Let’s learn this hit alternative pop song! You’ll notice it has a slightly unusual musical mood, with lots of bluesy 7th chords, dark vocals, and a key change before the chorus. These are all quite unexpected for a modern pop song, and help give it a distinctive edge.
Stupid Girl for Guitar
by: James Neilson, Music Education Designer for Guitar
Melody exercise (level 5) – Here, you’ll be playing the main vocal and instrumental melodies in the song. It’s quite a workout for your pinky finger, so start slow and learn one section at a time to build your finger stamina.
Fancy chords exercise (level 6) – Here, you’ll play the main chords of the song, using some fancy 7th chords (and a capo if you have one). If you don’t know some of the chords, try reviewing them before playing the song – remember most of them will be a variation on a basic major or minor chord, e.g. D7 is a variation on D, and G7 is a variation on G.
Stupid Girl for Bass
by: Antti Halmetoja, Bass content specialist
In the basic bassline exercise (level 1) you’ll practice moving from the E-string to the A-string and back. The bassline stays mostly on the two thickest strings, but there are a couple of jumps to the D-string to look out for.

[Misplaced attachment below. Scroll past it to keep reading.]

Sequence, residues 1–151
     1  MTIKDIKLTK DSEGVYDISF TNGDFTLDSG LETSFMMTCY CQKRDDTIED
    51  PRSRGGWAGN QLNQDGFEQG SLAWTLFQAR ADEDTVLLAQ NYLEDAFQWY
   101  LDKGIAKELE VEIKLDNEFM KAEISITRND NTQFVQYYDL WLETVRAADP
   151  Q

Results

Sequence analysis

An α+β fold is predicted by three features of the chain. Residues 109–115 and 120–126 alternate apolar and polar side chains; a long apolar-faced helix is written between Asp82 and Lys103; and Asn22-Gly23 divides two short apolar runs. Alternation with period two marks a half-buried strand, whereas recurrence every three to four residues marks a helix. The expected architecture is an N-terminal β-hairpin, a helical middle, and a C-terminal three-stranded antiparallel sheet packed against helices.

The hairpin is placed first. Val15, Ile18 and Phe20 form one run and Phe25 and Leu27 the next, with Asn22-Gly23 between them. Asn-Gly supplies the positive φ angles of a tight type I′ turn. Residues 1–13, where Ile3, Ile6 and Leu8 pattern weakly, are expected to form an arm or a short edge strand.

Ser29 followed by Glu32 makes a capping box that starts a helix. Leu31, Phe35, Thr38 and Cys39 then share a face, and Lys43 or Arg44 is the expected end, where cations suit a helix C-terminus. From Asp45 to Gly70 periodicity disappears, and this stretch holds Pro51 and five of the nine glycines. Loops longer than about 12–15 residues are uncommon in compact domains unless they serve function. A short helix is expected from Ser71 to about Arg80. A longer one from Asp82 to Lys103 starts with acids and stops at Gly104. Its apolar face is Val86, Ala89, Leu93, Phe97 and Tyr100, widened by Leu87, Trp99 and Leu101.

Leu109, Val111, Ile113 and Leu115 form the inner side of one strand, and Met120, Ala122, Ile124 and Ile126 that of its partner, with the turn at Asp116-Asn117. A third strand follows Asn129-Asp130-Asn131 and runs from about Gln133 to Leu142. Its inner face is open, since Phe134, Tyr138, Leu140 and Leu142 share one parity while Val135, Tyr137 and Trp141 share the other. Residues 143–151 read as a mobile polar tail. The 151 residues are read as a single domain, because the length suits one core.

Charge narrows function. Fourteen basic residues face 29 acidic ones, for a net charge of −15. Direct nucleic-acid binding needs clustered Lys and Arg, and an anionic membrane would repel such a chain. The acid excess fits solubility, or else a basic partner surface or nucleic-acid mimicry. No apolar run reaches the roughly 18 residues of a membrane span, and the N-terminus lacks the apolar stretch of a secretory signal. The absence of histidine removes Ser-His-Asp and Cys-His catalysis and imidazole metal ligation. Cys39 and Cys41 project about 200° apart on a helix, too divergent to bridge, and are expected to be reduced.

Full bassline exercise (level 4) – This is the originally recorded bassline. The hypnotic bass riff may be the most significant element of this cool nineties song. Lock into the groove, and enjoy the ride!
Stupid Girl for Ukulele
by: Joona Hasan, Music Education Designer for Ukulele
In the melody exercise (level 4) you’ll be playing the meandering melody sung by Shirley Manson. There’s quite a lot of syncopation, so stay focused!
In the chords exercise (level 4) you’ll be playing along with the jangling guitars and thumping rhythm section. Even though some of the chords might be new, they’re easy to get under your fingers since there’s a lot of repetition and the strumming itself is very consistent.
Stupid Girl for Singing
by: Sonja Patrikainen, Music Education Designer for Singing
This song has a steady sense of rhythm, but pay attention to the melody. Something happens at the end of both verses – the melody jumps higher quite suddenly, and the chorus has some details in the melody that might surprise you. You can switch to practice mode to get to know the song at your own pace first! That way you’ll learn to anticipate the sudden changes and think ahead.